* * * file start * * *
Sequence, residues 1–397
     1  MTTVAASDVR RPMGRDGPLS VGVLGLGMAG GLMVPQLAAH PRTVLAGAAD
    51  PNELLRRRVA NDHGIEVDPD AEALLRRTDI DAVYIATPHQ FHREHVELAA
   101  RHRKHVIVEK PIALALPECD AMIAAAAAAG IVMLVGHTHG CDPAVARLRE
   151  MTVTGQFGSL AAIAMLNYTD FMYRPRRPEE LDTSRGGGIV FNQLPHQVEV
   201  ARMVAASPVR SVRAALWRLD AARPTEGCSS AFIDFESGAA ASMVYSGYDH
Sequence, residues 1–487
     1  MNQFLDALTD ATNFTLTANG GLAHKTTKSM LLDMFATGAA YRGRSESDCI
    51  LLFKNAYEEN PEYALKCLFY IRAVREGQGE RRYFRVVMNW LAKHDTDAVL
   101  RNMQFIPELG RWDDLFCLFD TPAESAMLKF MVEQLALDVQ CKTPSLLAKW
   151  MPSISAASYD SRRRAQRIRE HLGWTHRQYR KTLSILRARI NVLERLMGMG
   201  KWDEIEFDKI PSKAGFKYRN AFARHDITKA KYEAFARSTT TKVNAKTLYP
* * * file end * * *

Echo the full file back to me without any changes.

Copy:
Sequence, residues 1–397
     1  MTTVAASDVR RPMGRDGPLS VGVLGLGMAG GLMVPQLAAH PRTVLAGAAD
    51  PNELLRRRVA NDHGIEVDPD AEALLRRTDI DAVYIATPHQ FHREHVELAA
   101  RHRKHVIVEK PIALALPECD AMIAAAAAAG IVMLVGHTHG CDPAVARLRE
   151  MTVTGQFGSL AAIAMLNYTD FMYRPRRPEE LDTSRGGGIV FNQLPHQVEV
   201  ARMVAASPVR SVRAALWRLD AARPTEGCSS AFIDFESGAA ASMVYSGYDH
Sequence, residues 1–487
     1  MNQFLDALTD ATNFTLTANG GLAHKTTKSM LLDMFATGAA YRGRSESDCI
    51  LLFKNAYEEN PEYALKCLFY IRAVREGQGE RRYFRVVMNW LAKHDTDAVL
   101  RNMQFIPELG RWDDLFCLFD TPAESAMLKF MVEQLALDVQ CKTPSLLAKW
   151  MPSISAASYD SRRRAQRIRE HLGWTHRQYR KTLSILRARI NVLERLMGMG
   201  KWDEIEFDKI PSKAGFKYRN AFARHDITKA KYEAFARSTT TKVNAKTLYP